Inside Story

Grand days

James Bond creator Ian Fleming’s war never ended

Patrick Mullins Books 27 March 2024 3997 words

Hitting the nail again and again with the same hammer: Ian Fleming in late 1963. Bela Zola/Daily Mirror/Alamy

Shakespeare famously concluded that a rose by any other name would smell as sweet. But what about fictional characters? Would Arthur Conan Doyle’s Baker Street detective have won as many fans if Conan Doyle had trusted his main character’s original name, Sherrinford Hope? Would the world-in-the-balance quest that underpins The Lord of the Rings have been taken as seriously had J.R.R. Tolkien stuck with Bingo Bolger-Baggins? Would the wild fantasy of a secret agent with a licence to kill have been as captivating if Ian Fleming had kept the name in the first draft of Casino Royale, James Secretan?

In the latter case, probably not. Yet it is in so many ways both the most intriguing first choice — who, after all, would expect the creator of James Bond to allude to the nineteenth-century Swiss philosopher Charles Secretan? — and the most portentous revision. The decision to eschew the clumsy homage and instead appropriate the dull name of an American ornithologist underscores Fleming’s ruthless pruning of anything that might unnecessarily adorn the instrument he created in 1952.

That creation, and the long story of its making, is at the heart of Ian Fleming: The Complete Man, an immense biography by Nicholas Shakespeare. Building on earlier efforts by John Pearson (1966) and Andrew Lycett (1995), the book was prompted by the Fleming estate’s willingness to give Shakespeare access to unreleased archival material that illuminates the real-life source material embedded in the Bond novels. That openness may also have been the estate attempt to adjust the dominant view of Fleming as a man who, where he is not defined by Bond, is derided as a misogynistic, alcoholic wastrel with a penchant for whipping who showboated during the second world war and spent postwar summers in Jamaica fantasising about British grit, foreign villains and sexual conquest in exotic locales.

Ian Fleming: The Complete Man has plenty of whipping and wantonness, but it adds nuance to a life whose early years seem to have been spent in guileless and unknowing preparation for important wartime work — work for which he turns out to have been unusually gifted. In fact, it is the observation of one journalist — that Fleming, in this moment, with all his gifts and talents finally in use, was a “complete man” — that gave Shakespeare his title.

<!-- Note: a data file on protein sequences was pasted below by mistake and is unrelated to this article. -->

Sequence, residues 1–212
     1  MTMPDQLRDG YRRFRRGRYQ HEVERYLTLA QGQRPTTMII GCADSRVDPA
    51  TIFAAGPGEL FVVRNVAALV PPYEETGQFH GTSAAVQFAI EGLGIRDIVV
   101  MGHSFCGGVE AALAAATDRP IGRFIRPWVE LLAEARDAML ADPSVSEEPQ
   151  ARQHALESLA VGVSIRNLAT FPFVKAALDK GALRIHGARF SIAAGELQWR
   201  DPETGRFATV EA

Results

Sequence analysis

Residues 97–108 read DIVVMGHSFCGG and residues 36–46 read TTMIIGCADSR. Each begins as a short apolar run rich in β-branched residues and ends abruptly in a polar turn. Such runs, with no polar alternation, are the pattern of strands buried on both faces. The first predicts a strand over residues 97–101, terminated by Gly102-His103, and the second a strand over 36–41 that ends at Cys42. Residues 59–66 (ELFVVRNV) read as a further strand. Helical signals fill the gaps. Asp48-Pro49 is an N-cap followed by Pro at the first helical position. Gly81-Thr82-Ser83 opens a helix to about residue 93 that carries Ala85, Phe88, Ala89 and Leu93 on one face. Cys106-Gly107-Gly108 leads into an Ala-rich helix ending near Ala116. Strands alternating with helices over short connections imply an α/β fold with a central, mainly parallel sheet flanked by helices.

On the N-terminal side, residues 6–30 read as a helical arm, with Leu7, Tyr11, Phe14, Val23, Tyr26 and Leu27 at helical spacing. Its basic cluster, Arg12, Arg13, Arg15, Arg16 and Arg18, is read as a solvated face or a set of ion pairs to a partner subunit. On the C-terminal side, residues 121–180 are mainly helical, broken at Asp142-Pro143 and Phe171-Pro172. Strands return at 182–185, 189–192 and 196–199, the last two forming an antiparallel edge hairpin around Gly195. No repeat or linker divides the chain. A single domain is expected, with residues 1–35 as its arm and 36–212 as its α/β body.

But what freight it brings to the book: an intimation of comprehensiveness underscored by its bulk and the vivid cultural history woven through it; an implied claim to being definitive bedevilled by the persistent haze of uncertainty around Fleming’s war record. Then there is the dramatic portent — that Fleming, even as he created the character that secured his fame, was somehow lesser or incomplete in those postwar years.

But perhaps that was merely a reversion to form. Fleming’s early life was monied but grim. His miserly Scottish grandfather was a banker who had survived considerable bereavement (three siblings had been buried before he was born, and three more, plus his mother, would follow by the time he turned fifteen) to become one of the wealthiest men in Europe. Robert Fleming’s greatest stroke of luck, however, was to be a constituent of a young Winston Churchill, who called on him for donations and provided in his friendship a glow of respectability for Robert’s sons, Val and Philip, whom Churchill nicknamed the “Fleming-oes.”

Val, elected a Conservative MP in 1910, fathered four sons — Peter (1907), Ian (1908), Richard (1911) and Michael (1913) — with socialite Evelyn Sainte Croix Rose, whom he had married in 1906. But his influence as a father was defined by his absence. After war broke out, he joined Churchill’s regiment, trained alongside the future prime minister, and was killed while serving on the Somme in 1917.

Robert Fleming is said to have bellowed in grief at the news, Evelyn painted every room in the house black, and Churchill wrote an obituary for the Times, a copy of which, framed and hung above Ian’s bed, gave the eight-year-old a nightly reminder of the greatness that he could never hope to match.

Val’s estate, meanwhile, gave Evelyn enormous wealth, but in terms that invited her to endure a lifetime of dutiful widowhood: should she ever remarry, the money would be immediately transferred to her children. She responded by elevating her dead husband “from an absent, pipe-smoking, deer-stalker to an iconic figure in the clouds with whom she alone enjoyed privileged communication,” writes Shakespeare, in one of many deft summations.